"We need to make physical activity fun and focus on what we can do for kids to see that they stay active throughout their lives," she says. Tappe, an associate professor of health, wrote the report as part of an intergovernmental personnel agreement between Purdue and the CDC.
The report, Guidelines for School and Community Programs to Promote Lifelong Physical Activity Among Young People, notes that mandatory physical education on a daily basis goes against the current trend in schools. For example, daily enrollment in high-school physical education classes decreased from 42 percent of students in 1991 to 25 percent in 1995.
The report also points out that although American young people are more active than adults, physical activity sharply declines with age among children and adolescents. Nearly half of this country's youths aged 12 to 21 are not vigorously active on a regular basis.
According to the guidelines, schools should eliminate or sharply reduce the practice of granting exemptions from physical activity, and they should increase the amount of time during class that students are active.
The report also states that safe facilities for physical activity should be made available to students both during and after school. "If schools lack the personnel to offer after-school activities, they could team up with community organizations to see that extracurricular physical activities are available to as many children as possible," Tappe suggests.
She says schools also can help enhance the quality and image of "P.E." classes. "Teachers should never use running or doing push-ups as forms of punishment. And grades for physical education classes should not be too tied to students' athletic ability," she says.
"Too many times we think negatively toward physical education classes with their emphasis on competitive sports. Competition is not for all kids, but physical activity is good for virtually everyone."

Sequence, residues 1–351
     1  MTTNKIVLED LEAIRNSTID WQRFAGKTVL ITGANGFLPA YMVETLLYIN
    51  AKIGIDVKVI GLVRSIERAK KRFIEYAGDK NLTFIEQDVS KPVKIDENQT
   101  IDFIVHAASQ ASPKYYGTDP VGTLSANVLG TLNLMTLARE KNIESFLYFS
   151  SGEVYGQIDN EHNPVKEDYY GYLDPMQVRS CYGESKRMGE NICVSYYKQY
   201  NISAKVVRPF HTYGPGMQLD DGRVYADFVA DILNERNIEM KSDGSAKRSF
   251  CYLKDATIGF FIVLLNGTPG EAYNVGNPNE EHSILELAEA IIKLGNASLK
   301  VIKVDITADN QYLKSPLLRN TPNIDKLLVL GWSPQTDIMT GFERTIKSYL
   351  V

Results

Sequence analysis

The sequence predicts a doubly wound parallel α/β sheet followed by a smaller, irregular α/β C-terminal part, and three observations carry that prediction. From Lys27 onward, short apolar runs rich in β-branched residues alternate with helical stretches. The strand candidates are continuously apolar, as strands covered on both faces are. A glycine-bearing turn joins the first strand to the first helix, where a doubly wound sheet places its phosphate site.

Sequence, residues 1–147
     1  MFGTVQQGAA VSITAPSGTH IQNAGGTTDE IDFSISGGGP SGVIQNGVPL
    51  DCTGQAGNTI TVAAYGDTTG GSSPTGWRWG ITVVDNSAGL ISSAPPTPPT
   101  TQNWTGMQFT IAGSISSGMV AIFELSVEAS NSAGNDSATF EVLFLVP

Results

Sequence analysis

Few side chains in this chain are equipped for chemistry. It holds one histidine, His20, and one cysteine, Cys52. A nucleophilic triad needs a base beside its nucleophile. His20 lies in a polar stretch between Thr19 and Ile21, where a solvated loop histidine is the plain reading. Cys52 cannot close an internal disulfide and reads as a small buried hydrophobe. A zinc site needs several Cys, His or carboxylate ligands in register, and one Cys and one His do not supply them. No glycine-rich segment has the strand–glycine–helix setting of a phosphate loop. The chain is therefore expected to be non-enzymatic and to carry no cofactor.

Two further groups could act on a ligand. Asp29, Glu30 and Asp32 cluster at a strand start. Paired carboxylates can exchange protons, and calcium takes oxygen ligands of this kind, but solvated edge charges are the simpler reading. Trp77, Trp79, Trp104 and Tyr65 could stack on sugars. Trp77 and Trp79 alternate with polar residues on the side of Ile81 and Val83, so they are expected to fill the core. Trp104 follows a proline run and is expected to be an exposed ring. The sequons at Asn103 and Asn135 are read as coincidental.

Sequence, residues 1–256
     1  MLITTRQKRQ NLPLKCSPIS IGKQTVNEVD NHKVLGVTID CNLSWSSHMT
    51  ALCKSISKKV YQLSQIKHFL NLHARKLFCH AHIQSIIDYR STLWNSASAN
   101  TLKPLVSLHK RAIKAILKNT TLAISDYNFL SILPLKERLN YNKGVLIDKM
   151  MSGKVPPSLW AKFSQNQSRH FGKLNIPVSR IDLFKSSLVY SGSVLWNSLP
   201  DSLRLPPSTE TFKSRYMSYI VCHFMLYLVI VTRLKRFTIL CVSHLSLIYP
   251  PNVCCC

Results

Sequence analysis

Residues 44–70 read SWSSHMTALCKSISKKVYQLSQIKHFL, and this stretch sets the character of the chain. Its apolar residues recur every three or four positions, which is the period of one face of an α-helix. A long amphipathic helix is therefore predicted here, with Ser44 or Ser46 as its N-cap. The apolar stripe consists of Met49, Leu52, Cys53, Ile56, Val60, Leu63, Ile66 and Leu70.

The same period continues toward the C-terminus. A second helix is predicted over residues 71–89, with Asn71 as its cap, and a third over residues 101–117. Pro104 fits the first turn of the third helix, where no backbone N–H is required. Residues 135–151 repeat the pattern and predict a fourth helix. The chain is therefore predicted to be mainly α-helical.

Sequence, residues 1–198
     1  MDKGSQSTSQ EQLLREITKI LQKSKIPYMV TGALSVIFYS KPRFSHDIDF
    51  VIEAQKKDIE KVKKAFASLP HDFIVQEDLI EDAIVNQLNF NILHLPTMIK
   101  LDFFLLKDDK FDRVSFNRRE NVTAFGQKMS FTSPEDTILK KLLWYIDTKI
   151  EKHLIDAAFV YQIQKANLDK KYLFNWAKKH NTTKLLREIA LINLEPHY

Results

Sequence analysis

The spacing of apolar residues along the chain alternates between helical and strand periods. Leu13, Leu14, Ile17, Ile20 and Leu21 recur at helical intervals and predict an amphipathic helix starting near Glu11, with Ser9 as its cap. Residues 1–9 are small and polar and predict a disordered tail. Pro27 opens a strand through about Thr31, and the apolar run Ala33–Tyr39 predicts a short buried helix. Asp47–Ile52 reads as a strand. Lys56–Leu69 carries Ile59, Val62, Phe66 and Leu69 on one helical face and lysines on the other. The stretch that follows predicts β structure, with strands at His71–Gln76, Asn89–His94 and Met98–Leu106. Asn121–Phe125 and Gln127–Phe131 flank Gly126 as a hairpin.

Removing the stigma tied to physical education is part of the goal of educators like Michael Savage, who taught physical education at elementary schools before becoming an assistant professor of health, kinesiology and leisure studies at Purdue. "We are moving away from the days when physical education teachers were also coaches," he says.
"My idea of a good P.E. class is one where youth are involved in at least 20 minutes of basic movement that gets their heart rates up. They should also be taught motor and behavioral skills that emphasize participation and enjoyment in physical activity.
"Unfortunately, we have to justify physical education more than any other subject taught in schools, perhaps because many parents had bad experiences themselves."
Physical education classes have been one of the targets of school administrators trying to cut spending. Tappe says an increased emphasis on physical education should be an important part of education reform.
"Educators know that kids need healthy bodies in order to learn properly. Physical activity is an important factor in physical and mental health," she says. "We need to promote physical education from the standpoint of its health benefits and its effect on the development of motor and behavioral skills."
Sources: Marlene Tappe, (765) 494-9112; e-mail, firstname.lastname@example.org
Michael Savage, (765) 494-0216; e-mail, email@example.com
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